Doug Jacobson, Electrical and Computer Engineering, (515) 294-8307
Mani Venkata, Electrical and Computer Engineering, (515) 294-3459
Skip Derra, News Service, (515) 294-4917
COMPLEX COMBINES TECHNOLOGY AND DESIGN TO SPARK LEARNING
AMES, Iowa -- A new active learning complex in Iowa State's department of electrical and computer engineering doesn't look anything like a classroom and that's what makes it effective. Rather than bright lights in a sterile room with straight back chairs and flip-up desktops, the complex features a comfortable environment in a room flush with vibrant colors.
The goal of the active learning complex, which will be dedicated at 1 p.m., Monday, Sept. 20, is to enhance learning by fostering communications and teamwork, said Doug Jacobson, faculty coordinator of the complex. So far it appears to be working.
"We wanted to create a space that will draw students in and make them feel like they belong," said Jacobson, an associate professor of electrical and computer engineering. "We wanted it to be comfortable, because comfort facilitates discussion which, in turn, facilitates learning."
The complex is in the high-bay area of Coover Hall. It includes several interaction areas, some with high-tech equipment and some without, and office space for 28 teaching assistants, putting them in close proximity to the undergraduate students. The areas can be readily changed as needs change.
Portions of the 3,000 square foot complex look more like a living room than a classroom. There are four high-tech interaction areas -- cozy enclaves that utilize several pieces of technology to aid learning. Bright awnings cover office and interaction areas.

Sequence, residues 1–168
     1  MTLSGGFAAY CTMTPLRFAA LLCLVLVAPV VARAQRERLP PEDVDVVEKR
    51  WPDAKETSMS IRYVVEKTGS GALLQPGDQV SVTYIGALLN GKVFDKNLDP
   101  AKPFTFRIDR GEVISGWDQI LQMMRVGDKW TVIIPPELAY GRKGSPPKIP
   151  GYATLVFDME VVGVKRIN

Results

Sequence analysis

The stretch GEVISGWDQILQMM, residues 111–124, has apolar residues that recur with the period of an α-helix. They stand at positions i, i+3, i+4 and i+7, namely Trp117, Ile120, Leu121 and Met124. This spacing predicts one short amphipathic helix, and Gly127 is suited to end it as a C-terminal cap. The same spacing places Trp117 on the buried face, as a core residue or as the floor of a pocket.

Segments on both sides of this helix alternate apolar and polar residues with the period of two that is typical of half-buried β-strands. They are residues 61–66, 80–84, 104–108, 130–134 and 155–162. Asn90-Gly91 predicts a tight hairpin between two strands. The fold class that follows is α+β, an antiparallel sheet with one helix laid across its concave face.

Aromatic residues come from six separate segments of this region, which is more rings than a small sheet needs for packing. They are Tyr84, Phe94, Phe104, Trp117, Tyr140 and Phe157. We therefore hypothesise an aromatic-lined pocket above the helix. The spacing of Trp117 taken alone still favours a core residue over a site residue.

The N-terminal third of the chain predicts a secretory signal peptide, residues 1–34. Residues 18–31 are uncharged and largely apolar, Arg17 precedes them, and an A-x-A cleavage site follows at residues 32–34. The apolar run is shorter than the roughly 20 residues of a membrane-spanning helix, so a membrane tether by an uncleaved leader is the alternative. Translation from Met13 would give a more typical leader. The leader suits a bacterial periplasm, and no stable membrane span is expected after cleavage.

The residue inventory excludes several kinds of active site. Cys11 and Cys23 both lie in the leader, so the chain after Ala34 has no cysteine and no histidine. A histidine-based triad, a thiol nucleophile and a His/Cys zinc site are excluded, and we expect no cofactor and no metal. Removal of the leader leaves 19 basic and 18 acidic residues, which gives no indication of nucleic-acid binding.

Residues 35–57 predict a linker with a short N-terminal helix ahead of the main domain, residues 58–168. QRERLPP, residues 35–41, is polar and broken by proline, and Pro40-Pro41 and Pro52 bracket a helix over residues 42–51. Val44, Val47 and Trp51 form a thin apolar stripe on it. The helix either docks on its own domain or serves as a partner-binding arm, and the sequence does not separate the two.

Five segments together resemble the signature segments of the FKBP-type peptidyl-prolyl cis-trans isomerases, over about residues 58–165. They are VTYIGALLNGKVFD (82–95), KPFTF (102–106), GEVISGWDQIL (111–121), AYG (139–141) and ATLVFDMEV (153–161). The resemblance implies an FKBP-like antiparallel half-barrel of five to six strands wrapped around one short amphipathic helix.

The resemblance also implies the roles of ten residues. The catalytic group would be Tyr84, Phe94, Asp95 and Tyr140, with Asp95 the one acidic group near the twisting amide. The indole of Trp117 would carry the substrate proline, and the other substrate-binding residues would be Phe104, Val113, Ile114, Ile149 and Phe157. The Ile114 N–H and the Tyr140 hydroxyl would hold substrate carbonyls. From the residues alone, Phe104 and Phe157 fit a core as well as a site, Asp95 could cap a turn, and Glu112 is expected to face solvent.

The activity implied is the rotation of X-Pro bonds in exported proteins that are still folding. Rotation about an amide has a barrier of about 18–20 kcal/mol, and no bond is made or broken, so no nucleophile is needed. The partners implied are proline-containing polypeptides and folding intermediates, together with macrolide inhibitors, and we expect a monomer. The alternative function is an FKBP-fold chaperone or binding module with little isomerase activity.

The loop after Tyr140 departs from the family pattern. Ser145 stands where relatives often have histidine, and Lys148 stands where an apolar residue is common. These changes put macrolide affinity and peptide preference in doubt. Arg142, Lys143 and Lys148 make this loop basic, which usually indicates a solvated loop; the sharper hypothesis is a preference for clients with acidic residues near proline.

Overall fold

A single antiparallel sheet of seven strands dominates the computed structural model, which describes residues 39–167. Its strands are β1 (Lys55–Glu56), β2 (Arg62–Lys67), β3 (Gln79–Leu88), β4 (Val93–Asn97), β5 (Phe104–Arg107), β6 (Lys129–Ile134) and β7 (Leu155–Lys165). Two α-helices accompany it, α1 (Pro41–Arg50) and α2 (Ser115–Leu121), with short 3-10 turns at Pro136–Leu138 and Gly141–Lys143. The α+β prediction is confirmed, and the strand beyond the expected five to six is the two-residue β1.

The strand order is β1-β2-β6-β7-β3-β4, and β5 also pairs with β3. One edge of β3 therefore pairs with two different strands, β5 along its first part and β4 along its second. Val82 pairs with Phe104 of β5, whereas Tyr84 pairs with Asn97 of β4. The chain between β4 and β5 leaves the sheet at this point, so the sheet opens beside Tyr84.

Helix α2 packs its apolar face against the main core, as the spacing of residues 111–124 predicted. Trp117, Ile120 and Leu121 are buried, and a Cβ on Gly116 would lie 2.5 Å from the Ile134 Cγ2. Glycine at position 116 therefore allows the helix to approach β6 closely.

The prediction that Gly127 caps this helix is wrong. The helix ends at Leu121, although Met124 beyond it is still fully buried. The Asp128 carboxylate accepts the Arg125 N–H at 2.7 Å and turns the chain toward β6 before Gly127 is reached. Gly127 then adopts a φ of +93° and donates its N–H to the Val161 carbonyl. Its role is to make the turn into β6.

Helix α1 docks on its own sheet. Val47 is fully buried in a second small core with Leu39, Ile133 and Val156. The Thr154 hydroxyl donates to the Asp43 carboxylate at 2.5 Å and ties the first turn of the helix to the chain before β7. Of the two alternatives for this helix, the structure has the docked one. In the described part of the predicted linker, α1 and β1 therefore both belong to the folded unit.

Some interaction areas include white boards, where students can draw diagrams and work out problems. The notes and diagrams on the boards can be saved to a computer for future reference. There are "wireless" infrared keyboards, which facilitate students working together in groups by sharing the keyboard and large-screen computer.
"This space is unique in that it brings together the latest technology aids in learning and integrates teaching assistants and students into an environment where they will learn in groups," said Mani Venkata, electrical and computer engineering department chair.
"The complex is designed to foster interaction and use of technology, to encourage the discussion of ideas and have ready access to teaching assistants," added Jacobson. "It brings everything and everyone together and helps build friendships and bonds that will be valuable in the learning process."
"Our department has a critical need for space," Venkata added, "but we felt the quality of the space is an important factor to their success and we think this is the best way to teach undergraduate students."
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A formal dedication of the Active Learning Complex will be at 1 p.m., Monday, Sept. 20. The brightly colored area is very visual. Reporters are welcome to attend the dedication or arrange a visit by calling Skip Derra at (515) 294-4917. To see computer images of the complex, visit www.vrac.iastate.edu/ecpe/learning.html
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